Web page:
Collins, who is among the most vulnerable GOP senators up for reelection, said earlier this month she would not seat a new Justice in October 2020 or if there’s a lame duck and a change of presidents.

“I think that’s too close, I really do,” she said.

Sen. Joni ErnstJoni Kay ErnstThe Hill's Campaign Report: Obama to hit the campaign trail l Biden's eye-popping cash advantage l New battleground polls favor Biden Poll finds Ernst with 1-point lead in Iowa Senate is leaning to the Democrats, big time, with a wave MORE (R-Iowa)

In July, Ernst said that she would approve of moving forward with filling a vacancy even in a lame-duck session.

"(If) it is a lame-duck session, I would support going ahead with any hearings that we might have," Ernst told PBS in Iowa. "And if it comes to an appointment prior to the end of the year, I would be supportive of that."

Ernst is running for reelection in a state Trump won by 9 points in 2016. However, Democratic nominee Joe BidenJoe BidenTrump and advisers considering firing FBI director after election: WaPo Obama to campaign for Biden in Florida Supreme Court reinstates ban on curbside voting in Alabama MORE is running strong in the polls across the Midwest and Ernst faces a tough challenge against Democrat Theresa Greenfield.

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Sen. Thom TillisThomas (Thom) Roland TillisGOP coronavirus bill blocked as deal remains elusive Senate is leaning to the Democrats, big time, with a wave Cunningham, Tillis locked in tight race in North Carolina: poll MORE (R-N.C.)

Late in 2016, Tillis wrote an op-ed defending the GOP’s decision to refuse a hearing for Garland, saying “voters — not a lame-duck president — should decide the composition of the highest court in the land.”

Tillis is running for reelection against Democrat Cal Cunningham in North Carolina, which along with Florida is among the closest battleground states up for grabs in 2020.

Sen. Cory GardnerCory Scott GardnerDemocrats seek to block appeal of court ruling ousting Pendley, BLM land plans Senate is leaning to the Democrats, big time, with a wave Cunningham, Tillis locked in tight race in North Carolina: poll MORE (R-Colo.)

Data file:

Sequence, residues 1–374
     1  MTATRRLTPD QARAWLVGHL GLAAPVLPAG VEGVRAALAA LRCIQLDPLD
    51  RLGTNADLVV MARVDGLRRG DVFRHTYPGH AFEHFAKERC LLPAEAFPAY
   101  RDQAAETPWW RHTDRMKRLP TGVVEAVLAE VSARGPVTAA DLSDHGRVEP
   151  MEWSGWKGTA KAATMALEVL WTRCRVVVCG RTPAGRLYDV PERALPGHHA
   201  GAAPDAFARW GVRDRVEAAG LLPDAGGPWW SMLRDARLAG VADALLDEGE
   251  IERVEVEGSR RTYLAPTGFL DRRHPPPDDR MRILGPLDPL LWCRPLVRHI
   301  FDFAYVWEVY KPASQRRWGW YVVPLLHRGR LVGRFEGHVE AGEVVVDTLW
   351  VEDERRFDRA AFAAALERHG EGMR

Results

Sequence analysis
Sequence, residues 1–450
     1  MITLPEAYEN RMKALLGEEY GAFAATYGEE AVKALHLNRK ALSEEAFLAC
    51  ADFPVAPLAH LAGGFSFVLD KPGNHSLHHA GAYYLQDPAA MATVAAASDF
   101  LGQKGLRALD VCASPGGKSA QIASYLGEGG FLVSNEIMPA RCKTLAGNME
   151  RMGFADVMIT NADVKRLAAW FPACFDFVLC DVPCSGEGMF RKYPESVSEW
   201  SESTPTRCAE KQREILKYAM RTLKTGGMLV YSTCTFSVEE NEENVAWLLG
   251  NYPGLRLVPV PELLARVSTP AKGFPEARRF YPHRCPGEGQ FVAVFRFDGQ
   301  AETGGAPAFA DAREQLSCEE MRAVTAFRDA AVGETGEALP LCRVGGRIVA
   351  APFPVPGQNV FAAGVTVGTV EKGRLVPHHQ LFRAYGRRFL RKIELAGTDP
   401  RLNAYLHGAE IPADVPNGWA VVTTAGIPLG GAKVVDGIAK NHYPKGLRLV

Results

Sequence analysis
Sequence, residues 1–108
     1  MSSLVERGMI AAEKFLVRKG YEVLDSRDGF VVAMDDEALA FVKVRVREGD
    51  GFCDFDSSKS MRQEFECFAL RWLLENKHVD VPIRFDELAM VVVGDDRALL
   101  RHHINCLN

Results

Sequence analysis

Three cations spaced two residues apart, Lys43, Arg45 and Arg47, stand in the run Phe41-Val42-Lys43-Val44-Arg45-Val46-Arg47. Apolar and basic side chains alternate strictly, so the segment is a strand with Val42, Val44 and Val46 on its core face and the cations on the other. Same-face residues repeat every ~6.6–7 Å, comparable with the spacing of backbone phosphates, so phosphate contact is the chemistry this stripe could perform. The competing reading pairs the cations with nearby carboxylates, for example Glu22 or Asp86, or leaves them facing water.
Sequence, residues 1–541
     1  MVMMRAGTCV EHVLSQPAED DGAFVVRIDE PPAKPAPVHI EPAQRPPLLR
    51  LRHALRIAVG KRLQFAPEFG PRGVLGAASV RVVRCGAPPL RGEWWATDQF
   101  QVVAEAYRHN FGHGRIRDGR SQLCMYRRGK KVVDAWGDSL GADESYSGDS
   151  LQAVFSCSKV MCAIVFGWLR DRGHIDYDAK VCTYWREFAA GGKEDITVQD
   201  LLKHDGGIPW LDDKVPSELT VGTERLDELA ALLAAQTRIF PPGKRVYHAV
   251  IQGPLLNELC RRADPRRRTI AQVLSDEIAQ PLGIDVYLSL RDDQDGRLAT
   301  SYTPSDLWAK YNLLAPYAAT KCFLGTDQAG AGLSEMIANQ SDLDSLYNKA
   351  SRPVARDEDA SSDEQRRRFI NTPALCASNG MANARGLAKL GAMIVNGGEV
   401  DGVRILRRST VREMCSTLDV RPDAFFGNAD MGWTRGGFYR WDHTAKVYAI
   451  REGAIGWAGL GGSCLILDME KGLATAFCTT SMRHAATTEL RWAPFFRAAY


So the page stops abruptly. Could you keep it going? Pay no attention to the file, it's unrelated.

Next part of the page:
Gardner, who faces a tough reelection battle in a state Hillary ClintonHillary Diane Rodham ClintonJudge rules to not release Russia probe documents over Trump tweets Trump and advisers considering firing FBI director after election: WaPo Obama to campaign for Biden in Florida MORE won in 2016, defended the GOP’s decision to deny Garland a hearing.

“The next president of the United States should have the opportunity to fill the vacancy on the Supreme Court,” Gardner said at the time. “In 1992, even then-Senator Joe Biden stated the Senate should not hold confirmation hearings for a Supreme Court nominee until after that year’s presidential election. Our next election is too soon and the stakes are too high; the American people deserve a role in this process as the next Supreme Court Justice will influence the direction of this country for years to come.”

Sen. Lisa MurkowskiLisa Ann MurkowskiDemocrats to boycott committee vote on Amy Coney Barrett's Supreme Court nomination Senate to vote Monday to confirm Amy Coney Barrett to Supreme Court Senate GOP eyes Oct. 26 for confirming Barrett to Supreme Court MORE (R-Alaska)

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Murkowski said this year that since Republicans denied Garland a hearing in 2016, they should not fill a vacancy in 2020.

“When Republicans held off Merrick Garland it was because nine months prior to the election was too close, we needed to let people decide. And I agreed to do that. If we now say that months prior to the election is OK when nine months was not, that is a double standard and I don’t believe we should do it,” she said. “So I would not support it.”

Sen. John ThuneJohn Randolph ThuneGOP coronavirus bill blocked as deal remains elusive Clyburn predicts action on coronavirus relief after elections GOP to Trump: Focus on policy MORE (R-S.D.)

Thune, the second ranking Republican in the Senate, said it is incumbent on the GOP to move ahead with filling the seat.

“I believe Americans sent a Republican president and a Republican Senate to Washington to ensure we have an impartial judiciary that upholds the Constitution and the rule of law,” Thune said. “We will fulfill our obligation to them. As Leader McConnell has said, President Trump’s Supreme Court nominee will receive a vote on the floor of the U.S. Senate.”